Most Disney dweebs will tell you that "Expedition Everest: Legend of the Forbidden Mountain" is storytelling on a truly epic scale. Though -- that said -- even the most hardcore of Disneyana fans can sometimes have trouble recounting the story that the Imagineers were actually trying to tell with this new DAK attraction.
Take -- for example -- the man-made mountain range pictured below. Which of these peaks is supposed to be the "Forbidden Mountain"? More importantly, which of these other concrete crags is supposed to then represent the actual Mount Everest?
If you guessed that the tall trio in the center is supposed to be Forbidden Mountain ... Well, you'd be correct. As for Mount Everest ...
Photo by Jeff Lange
... It's actually that rather diminutive peak off to the far left ...
... Or so says Joe Rohde, the WDI VP who rode herd on this new attraction for the Walt Disney World Resort. Speaking to a crowd of 3000 yesterday afternoon at SIGGRAPH 2006, this Imagineering vet pointed out many of the subtler aspects of this new Animal Kingdom attraction. Things that even the most diehard Disney theme park fans sometime overlook.
Photo by Jim Hill
Take -- for example -- this shrine to the Yeti that's located at one of the entrances to DAK's new Himalayan section. Notice how this collection of structures actually apes the shape of the mountain range directly behind it.
More to the point, note that there's a tiny Yeti on display inside one of these shrines. Does that suggest to you that there might actually be some sort of fearsome creature wandering the slopes of Forbidden Mountain? If so, then Rohde & his design team take some pride in the fact that this artful piece of foreshadowing has set the stage for the adventure yet to come.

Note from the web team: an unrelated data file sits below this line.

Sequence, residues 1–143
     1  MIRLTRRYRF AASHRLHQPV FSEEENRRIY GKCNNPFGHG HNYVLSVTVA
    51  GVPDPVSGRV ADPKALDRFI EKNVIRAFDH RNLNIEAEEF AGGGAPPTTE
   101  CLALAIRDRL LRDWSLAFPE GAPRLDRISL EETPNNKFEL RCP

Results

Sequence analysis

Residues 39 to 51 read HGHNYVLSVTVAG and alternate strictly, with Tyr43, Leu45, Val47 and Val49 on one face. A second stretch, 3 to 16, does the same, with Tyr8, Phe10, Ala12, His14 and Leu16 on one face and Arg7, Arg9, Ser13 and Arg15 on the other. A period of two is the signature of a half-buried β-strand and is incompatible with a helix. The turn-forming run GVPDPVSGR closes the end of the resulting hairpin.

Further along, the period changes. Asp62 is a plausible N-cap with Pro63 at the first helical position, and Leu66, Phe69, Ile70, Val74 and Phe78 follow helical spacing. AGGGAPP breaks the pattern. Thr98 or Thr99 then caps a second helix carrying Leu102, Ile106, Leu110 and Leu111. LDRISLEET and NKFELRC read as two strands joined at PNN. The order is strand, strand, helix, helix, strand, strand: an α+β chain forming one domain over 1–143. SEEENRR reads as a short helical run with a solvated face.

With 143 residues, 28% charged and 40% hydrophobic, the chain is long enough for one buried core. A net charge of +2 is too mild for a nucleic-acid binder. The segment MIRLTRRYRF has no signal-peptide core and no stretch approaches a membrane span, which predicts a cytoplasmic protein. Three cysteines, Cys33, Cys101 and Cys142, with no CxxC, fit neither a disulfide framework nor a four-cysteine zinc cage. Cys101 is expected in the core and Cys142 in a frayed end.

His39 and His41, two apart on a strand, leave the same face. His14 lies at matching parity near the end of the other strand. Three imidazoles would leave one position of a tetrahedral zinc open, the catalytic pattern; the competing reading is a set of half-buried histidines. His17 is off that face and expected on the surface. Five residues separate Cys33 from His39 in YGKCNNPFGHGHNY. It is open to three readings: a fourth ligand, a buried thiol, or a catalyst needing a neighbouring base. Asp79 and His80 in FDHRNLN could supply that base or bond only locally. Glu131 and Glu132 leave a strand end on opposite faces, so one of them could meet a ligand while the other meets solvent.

According to Joe, this sort of decorative detail is known as "ambiant storytelling." Those seemingly random details that are deliberately placed there in order to tell a story. In "Expedition Everest" 's case, the modern world has obviously begun closing in ...
... on this very traditional environment. Where there are all sorts of subtle ...
... and not-so-subtle signs ...
... that this is a world that is protected by a rather large powerful creature who won't take kindly to us invading its realm.
Mind you, not all WDW visitors will pick up on all of the subtler forms of storytelling found in the environment surrounding "Expedition Everest." Which is -- in the queue area for this new DAK attraction -- Rohde actually had his design team recap the story. Creating the museum section of the ride, which clarifies the what (a train ride), where (through the Forbidden Mountain) and who (which are protected by the Yeti).
And just for those who have really not been paying attention as they moved through the queue for "Expedition Everest: Legend of the Forbidden Mountain," what's the very last thing you see before you cross that bridge where you leave the human world behind and enter the realm of the Yeti?
A painting of the protector of the Himalayas. One that clearly shows the creature's sharp claws & fangs.
Did it bother Rohde that he basically had to keep telling the same story over and over again in order to make sure that every tourist that was on that tea train finally understood what the basic story of "Expedition Everest: Legend of the Forbidden Mountain" was really all about? Not really.
"When you're designing a theme park ride, you always have to take into account that different guests will have different levels of interests in your attraction, " Joe explained. "There'll be your diehard fans who will thrill at each new discovery, as they uncover yet another level of storytelling. And then there will be the guys who just want to ride the new roller coaster. So you have to try & create an attraction that accomodates all levels of interest."
Given the overwhelmingly positive response that Rohde's speech at SIGGRAPH 2006 got yesterday, it's clear that the "Legend of Forbidden Mountain" has already reached as far as Beantown. And given the large crowd that surrounded this veteran Imagineer after his appearance, it's equally clear that a number of folks had questions for Joe about theme park design and how one might begin a career at Walt Disney Imagineering.
Hopefully, Mr. Rohde will get a chance to answer some of these folks' questions when he makes his appearance at the Walt Disney Company booth (No. 1227) this morning between 10:30 - 11:30 a.m.
Look for more coverage of SIGGRAPH 2006 in the days ahead here at JHM.